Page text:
There seems to be a relative balance between those who want to attempt to upgrade the blueline or forward lines and those who feel that the potential of those upgrades are debatable, and not as important as keeping the goaltending tandem in place, one that gives the Canucks so much stability on the redline. I disagree with the urgency to move Schneider, and the idea that the Canucks could be left empty handed if they wait too long... I am in agreement with those who want to keep Schneider, retaining the Canucks formidable tandem, one that takes considerable pressure off both Luongo and Schneider, and alleviates a whole lot of injury anxiety. I would also like to see the Canucks re-sign Schneider if that proves a possibility. I imagine Mike Gillis will have a fairly good idea of what Cory will want to do in the future - and no doubt will not be blindsided the day Schneider becomes an RFA. If the new CBA is generally consistent with the expiring one, the salary cap might raise in the range of what Schneider's new salary will be... If not, there is still no urgency to move him now - and knowing what the new CBA will look like will help inform that decision. If the cap does not continue to raise, teams may have to reconsider their long term plans. Regardless, teams that are looking to make a playoff run this season are probably not going to value Schneider as much as teams looking to build a team in the longer run, to win next year or in the years to come. I like what appears to be MG's position - that there is no hurry to move Schneider. Some people would like to see Luongo dealt, while keeping Schneider, but I see that as a decision that is best reconsidered once the Canucks have a better view to the future CBA, and with this playoff season in hindsight. There is time and a number of options, and for now, the depth and stability in goal takes considerable pressure off of either goaltender, and could well be the single most important factor in the Canucks' chances to win the Cup this year.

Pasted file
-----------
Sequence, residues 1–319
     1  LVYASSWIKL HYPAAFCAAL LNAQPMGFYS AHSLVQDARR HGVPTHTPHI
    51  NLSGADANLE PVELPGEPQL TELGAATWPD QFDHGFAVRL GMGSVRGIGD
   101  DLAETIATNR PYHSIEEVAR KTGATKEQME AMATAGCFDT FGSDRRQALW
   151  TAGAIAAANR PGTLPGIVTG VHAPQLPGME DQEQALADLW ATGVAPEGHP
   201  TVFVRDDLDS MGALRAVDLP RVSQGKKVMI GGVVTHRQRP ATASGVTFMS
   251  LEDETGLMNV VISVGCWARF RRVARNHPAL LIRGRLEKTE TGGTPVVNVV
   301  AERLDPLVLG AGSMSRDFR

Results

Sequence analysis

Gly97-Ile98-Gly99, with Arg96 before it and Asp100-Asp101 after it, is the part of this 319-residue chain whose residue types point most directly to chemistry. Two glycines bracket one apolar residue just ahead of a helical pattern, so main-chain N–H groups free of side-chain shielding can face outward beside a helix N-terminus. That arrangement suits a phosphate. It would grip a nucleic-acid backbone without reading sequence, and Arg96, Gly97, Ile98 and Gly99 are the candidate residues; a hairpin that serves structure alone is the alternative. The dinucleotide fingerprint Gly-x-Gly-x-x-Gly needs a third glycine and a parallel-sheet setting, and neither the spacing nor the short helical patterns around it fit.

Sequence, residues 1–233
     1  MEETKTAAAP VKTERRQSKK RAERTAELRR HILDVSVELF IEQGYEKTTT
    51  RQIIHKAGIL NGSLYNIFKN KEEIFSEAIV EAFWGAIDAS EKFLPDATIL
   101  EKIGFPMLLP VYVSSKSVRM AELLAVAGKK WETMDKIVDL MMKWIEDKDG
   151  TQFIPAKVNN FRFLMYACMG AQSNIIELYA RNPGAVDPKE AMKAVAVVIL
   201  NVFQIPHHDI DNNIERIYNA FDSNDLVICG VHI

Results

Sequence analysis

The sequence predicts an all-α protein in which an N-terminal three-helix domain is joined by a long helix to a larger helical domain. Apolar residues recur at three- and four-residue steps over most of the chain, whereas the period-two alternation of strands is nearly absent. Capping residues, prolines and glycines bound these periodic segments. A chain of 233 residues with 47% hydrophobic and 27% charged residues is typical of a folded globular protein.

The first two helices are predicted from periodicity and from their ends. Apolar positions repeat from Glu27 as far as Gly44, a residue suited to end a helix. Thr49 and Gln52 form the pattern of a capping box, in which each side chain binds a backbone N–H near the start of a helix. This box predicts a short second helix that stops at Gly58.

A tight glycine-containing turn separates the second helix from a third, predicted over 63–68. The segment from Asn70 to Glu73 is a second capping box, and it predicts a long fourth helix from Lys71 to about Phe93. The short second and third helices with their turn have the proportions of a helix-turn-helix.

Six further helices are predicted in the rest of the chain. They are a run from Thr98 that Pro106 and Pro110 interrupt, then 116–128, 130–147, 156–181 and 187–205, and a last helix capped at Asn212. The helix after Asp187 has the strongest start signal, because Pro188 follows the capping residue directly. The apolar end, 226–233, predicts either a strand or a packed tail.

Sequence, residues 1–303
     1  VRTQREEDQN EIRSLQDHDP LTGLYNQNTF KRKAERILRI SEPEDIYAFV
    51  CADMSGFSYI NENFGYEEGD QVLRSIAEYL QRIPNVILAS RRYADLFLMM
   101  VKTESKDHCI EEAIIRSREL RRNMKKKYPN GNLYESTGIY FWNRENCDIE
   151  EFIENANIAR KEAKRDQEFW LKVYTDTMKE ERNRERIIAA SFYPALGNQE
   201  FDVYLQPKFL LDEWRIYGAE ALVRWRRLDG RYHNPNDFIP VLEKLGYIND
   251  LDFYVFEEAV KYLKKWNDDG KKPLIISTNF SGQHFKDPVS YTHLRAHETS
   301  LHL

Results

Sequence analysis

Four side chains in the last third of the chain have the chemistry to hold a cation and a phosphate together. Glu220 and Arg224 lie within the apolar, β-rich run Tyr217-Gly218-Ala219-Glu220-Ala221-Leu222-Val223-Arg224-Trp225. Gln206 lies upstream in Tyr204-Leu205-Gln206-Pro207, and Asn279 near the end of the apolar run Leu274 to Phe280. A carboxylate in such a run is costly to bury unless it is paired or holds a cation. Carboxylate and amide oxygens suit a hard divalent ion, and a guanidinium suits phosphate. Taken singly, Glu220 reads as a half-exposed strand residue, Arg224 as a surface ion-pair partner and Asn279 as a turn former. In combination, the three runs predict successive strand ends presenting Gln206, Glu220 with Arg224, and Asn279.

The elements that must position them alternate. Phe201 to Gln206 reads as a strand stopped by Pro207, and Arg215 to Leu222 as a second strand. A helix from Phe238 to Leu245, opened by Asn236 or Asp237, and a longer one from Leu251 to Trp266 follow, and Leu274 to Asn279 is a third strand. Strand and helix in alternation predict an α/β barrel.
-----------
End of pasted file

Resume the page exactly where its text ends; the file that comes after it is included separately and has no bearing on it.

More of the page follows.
I generally find myself in the camp with those who like the existing balance and depth of the Canucks, and have positive expectations that this team has great character and potential to win this season; I also generally don't appreciate excessive rumouring about trading existing roster players. adding a guy like Gill would be nice, but I still like our chances with the defense we have. The development of Alex Edler and Cody Hodgson have made changes and additions to the Canucks roster less than urgent to say the least. The result is somewhat of a luxury - the ability for Mike Gillis to wait and see. With no glaring needs, he can hold his cards close to his chest, and wait to see if injuries change the needs of the Canucks. When Gillis acquired Booth - without having to give away any picks or prospects, or additional cap space - the move gave the second line more speed, youth, and arguably a player who better fit the Canucks top 6 forward needs than Samuelsson did. Having made that move, Gillis has reduced his dependency on trade deadline contingencies, and has selfishly left fans with slim pickings to debate and complain about - some people can always find problems, but generally, there is nothing resembling consensus, and nothing lasting has managed to persist in the complaints department. Complaints have for the most part consisted of pointing the finger at the last guy to give the puck away, the last guy to go six shifts without scoring, or the guy who is perceived to not be 'tough' enough... Most of the controversy surrounds contracts and RFA status. The health of Chris Higgins, although not referred to as frequently as other trade discussions, may, at this point, be the most relevant issue as the Canucks head into the trade deadline.